You've spent years juggling debt on multiple credit cards with different rates and payment schedules, and you have hit your limit (literally or figuratively).
Maybe you've already consolidated your debt, are on the road to a healthier financial profile, and want to renegotiate the loan term. Or maybe you are just tired of the constant drumbeat of credit card payments, student loan payments, auto loan payments, and want to quiet it down to a manageable buzz.
Which debt consolidation loan is right for you? There's no one-size-fits-all answer, but we can help point you in the right direction to find the size that fits you.
The terms of your debt consolidation loan will depend on your credit history and other factors, like employment situation and total debt picture. You're probably looking for at least one of the following:
Simplicity. A debt consolidation loan turns many debts into one: one monthly loan payment, one interest rate (preferably a fixed rate so the monthly payments stay consistent month-to-month), one repayment timeline
Flexibility. A personal loan for debt consolidation lets you alter the terms to make monthly obligations more manageable (in other words, lower monthly payments), or to pay off a loan more quickly (getting to debt-free faster)
Savings. Many people are enticed by the simple prospect of saving money over time by getting into a loan with a lower interest rate than the one they have now
If you're looking for debt settlement loan help, you're in the right place. Here are the key factors to look at when you're consolidating debt:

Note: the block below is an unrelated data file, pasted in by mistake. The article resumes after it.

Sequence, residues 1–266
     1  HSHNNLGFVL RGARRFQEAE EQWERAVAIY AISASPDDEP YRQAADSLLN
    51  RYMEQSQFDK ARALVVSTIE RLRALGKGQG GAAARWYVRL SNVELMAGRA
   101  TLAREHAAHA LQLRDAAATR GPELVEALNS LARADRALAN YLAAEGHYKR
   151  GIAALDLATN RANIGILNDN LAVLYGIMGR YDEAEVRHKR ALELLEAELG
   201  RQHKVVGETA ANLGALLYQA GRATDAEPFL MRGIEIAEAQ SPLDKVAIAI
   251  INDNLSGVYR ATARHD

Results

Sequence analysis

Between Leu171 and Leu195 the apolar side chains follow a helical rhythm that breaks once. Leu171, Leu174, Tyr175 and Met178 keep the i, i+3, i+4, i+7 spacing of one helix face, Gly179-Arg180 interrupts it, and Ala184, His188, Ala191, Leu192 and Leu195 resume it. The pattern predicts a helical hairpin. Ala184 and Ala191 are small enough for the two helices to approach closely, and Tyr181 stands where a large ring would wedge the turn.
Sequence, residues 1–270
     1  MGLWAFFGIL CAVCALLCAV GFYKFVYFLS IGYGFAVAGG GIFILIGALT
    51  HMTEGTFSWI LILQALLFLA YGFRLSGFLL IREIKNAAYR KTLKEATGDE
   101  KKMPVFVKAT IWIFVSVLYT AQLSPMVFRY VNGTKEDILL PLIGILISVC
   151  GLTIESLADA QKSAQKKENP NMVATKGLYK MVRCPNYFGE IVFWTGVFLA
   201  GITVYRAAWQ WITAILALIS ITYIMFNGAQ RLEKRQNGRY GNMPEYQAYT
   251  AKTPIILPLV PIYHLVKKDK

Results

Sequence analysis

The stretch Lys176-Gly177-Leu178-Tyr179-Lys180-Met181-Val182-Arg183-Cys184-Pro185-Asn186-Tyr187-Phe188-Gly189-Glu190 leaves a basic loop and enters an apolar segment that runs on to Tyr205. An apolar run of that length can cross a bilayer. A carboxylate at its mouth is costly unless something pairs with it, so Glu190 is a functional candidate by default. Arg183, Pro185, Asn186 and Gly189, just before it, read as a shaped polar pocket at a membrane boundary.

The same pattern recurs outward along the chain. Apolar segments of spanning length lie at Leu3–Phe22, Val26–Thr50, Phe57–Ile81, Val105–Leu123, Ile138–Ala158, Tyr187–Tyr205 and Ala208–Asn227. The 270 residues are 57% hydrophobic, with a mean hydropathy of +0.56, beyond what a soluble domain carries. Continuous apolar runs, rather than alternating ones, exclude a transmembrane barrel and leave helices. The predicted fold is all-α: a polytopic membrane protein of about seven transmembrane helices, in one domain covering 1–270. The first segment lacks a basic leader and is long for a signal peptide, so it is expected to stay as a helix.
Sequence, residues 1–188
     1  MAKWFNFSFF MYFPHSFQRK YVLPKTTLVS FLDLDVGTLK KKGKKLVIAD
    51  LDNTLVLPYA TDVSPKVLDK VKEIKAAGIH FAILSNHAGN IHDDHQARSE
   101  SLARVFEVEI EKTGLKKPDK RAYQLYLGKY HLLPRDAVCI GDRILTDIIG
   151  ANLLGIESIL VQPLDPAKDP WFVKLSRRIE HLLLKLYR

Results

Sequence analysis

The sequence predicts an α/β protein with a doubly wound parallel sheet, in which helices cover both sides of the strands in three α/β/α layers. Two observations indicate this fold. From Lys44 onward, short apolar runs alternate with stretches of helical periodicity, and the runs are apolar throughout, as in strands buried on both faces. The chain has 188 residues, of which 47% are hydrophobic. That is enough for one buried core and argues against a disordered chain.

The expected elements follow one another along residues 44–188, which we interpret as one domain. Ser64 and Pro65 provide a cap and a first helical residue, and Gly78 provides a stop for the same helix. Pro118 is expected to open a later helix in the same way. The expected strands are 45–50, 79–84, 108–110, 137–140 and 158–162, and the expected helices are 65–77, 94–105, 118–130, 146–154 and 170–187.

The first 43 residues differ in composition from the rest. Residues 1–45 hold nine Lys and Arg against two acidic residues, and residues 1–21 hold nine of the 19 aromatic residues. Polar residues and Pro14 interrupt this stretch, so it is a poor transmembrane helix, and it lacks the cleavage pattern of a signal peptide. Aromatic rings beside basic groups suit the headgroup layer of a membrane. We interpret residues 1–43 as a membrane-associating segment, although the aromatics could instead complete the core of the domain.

What you should know about debt consolidation loan
The benefits of using a personal loan for debt consolidation
When a debt consolidation loan is right for you
How to find the best debt consolidation loans near you
What you should know about debt consolidation loans
It may surprise you to learn that many people who consider debt consolidation don't necessarily have bad credit scores. They are not making just the minimum payment on their credit card debt or running behind on their auto loan payments. Most are simply looking to clean up their finances or move their good credit score to an excellent credit score.
Maybe you've gotten married, both you and your partner have a couple of loans each, and now you want to buy a home. You have a credit card balance, which can also be considered high-interest debt. Debt consolidation loan, here we come!
Debt isn't the same for everyone, so the loan amount isn’t the same for everyone. Let's get an idea about what debt consolidation is and how it works. It might be the best personal loan for you.
How does a debt consolidation loan work?
Debt consolidation involves taking out a new loan to pay off one or more existing loans. The shiny new loan can come from the same source as the old loans, especially if you have a bank or credit union that you really value.